Dear friend, I hope this post has helped you, and if it did, please let me know by commenting bellow! Life with food allergies and sensitivities feels overwhelming at first, but it gets better. I promise you.  

As you eliminate the foods that harm you, your gut will begin to heal, and symptoms will ease out. Also, I want you to know that God is still in control. He doesn’t want us to carry this overwhelming feeling on our shoulders. We are not alone. Let’s give Him the heavy load right now and trade it for His perfect peace.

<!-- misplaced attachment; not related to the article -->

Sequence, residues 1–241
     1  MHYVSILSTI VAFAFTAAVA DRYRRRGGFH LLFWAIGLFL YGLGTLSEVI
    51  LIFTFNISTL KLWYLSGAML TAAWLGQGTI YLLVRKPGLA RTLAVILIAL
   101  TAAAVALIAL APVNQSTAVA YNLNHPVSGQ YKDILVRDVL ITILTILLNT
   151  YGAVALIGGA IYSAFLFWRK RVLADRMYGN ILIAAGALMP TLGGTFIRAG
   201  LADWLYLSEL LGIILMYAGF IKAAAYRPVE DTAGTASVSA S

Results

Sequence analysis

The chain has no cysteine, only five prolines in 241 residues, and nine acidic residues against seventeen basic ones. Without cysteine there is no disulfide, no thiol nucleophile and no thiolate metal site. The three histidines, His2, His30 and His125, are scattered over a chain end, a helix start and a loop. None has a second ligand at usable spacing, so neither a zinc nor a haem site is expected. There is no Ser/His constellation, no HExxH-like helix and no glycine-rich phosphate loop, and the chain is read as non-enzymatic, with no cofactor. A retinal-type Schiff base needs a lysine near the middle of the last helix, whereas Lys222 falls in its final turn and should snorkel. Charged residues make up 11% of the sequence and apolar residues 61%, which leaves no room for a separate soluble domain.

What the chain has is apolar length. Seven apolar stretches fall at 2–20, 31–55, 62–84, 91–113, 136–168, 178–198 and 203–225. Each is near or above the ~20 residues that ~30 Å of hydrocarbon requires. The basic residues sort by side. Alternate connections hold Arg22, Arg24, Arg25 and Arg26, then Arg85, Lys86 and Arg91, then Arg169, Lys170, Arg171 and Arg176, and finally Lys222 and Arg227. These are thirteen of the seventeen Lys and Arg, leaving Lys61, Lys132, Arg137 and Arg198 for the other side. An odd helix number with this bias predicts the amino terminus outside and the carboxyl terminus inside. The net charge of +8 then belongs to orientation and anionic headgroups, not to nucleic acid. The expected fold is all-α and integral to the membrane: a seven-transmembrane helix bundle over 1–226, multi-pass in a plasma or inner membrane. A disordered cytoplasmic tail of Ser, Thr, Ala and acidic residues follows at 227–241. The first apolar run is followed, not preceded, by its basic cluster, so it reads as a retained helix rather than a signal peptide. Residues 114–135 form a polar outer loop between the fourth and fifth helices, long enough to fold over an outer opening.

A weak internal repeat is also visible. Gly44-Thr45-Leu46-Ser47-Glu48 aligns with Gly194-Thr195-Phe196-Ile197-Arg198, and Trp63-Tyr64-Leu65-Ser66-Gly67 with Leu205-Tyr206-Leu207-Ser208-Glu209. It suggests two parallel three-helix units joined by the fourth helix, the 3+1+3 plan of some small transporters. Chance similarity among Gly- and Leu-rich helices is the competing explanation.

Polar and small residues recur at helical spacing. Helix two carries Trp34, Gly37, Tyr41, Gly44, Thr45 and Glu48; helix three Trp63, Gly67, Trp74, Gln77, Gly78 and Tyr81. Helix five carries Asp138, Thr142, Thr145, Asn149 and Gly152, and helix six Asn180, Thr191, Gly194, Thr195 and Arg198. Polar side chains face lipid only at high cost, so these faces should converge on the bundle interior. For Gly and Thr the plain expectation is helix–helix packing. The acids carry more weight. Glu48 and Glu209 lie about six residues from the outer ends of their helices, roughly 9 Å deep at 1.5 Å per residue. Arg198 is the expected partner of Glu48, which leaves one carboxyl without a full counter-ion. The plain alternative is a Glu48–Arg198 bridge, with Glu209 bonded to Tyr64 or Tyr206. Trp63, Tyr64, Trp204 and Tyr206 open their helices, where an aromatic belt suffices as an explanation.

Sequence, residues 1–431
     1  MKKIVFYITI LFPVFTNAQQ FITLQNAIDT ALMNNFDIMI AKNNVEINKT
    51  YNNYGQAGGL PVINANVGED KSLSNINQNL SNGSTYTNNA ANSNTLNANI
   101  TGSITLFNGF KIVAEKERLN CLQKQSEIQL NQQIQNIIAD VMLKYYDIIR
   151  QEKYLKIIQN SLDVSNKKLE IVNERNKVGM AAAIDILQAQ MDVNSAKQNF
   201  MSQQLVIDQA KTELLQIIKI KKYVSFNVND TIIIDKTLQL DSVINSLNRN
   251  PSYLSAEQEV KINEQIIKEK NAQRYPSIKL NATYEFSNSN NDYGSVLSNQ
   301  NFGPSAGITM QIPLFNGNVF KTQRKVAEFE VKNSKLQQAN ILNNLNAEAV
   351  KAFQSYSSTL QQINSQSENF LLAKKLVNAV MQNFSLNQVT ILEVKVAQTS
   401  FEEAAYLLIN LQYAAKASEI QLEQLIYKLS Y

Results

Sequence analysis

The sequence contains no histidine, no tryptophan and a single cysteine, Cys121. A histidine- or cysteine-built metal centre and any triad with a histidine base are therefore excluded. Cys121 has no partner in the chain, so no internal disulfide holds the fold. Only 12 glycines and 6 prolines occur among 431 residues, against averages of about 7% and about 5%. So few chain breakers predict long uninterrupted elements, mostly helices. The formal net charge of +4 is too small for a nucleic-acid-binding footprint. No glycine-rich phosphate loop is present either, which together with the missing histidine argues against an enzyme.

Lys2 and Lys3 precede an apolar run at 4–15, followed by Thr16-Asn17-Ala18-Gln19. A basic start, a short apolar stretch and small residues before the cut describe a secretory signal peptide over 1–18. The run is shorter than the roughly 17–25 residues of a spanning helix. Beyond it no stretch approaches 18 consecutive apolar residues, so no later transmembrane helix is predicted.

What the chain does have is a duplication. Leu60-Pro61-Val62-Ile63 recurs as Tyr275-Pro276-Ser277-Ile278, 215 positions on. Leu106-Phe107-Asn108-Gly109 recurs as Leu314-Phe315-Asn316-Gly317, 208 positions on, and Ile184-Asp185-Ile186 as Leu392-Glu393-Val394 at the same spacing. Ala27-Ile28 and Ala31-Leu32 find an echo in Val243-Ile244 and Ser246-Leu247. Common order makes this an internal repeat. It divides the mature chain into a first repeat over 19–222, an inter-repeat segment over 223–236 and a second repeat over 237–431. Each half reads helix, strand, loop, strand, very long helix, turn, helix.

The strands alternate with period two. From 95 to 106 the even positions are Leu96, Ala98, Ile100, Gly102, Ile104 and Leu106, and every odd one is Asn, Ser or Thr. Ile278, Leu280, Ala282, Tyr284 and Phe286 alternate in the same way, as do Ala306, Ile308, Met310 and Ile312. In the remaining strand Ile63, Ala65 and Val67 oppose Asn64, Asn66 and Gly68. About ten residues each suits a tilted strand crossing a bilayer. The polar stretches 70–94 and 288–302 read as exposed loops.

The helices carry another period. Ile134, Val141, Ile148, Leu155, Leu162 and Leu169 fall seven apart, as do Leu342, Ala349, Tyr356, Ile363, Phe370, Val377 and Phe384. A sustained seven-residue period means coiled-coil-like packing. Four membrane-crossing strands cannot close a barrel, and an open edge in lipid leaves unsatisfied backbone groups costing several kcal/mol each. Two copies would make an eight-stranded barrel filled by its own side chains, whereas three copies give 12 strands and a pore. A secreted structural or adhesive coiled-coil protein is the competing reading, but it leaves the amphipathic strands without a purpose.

Trust in Him.

Despite all overwhelming feeling I had this week, my son and I had a blast together. We bought new allergy-free cookbooks, searched for recipes online and created our yummy allergy-free recipes as well. Here are some pictures of the breakfast meals we made, approved and shared on my Instagram this week:

If you need a jumpstart and an elimination diet, download my FREE Spring Cleanse! 35 pages of valuable information, tips and recipes. Look for the sign-up box bellow this post!

YOUR TURN: I would love to hear about your food allergy and sensitivity story and how you have been coping through this journey. Have a favorite allergy-free recipe to share with us? Please comment bellow. If you are a blogger, you can Follow my blog with Bloglovin.

Ana Willis signature (1)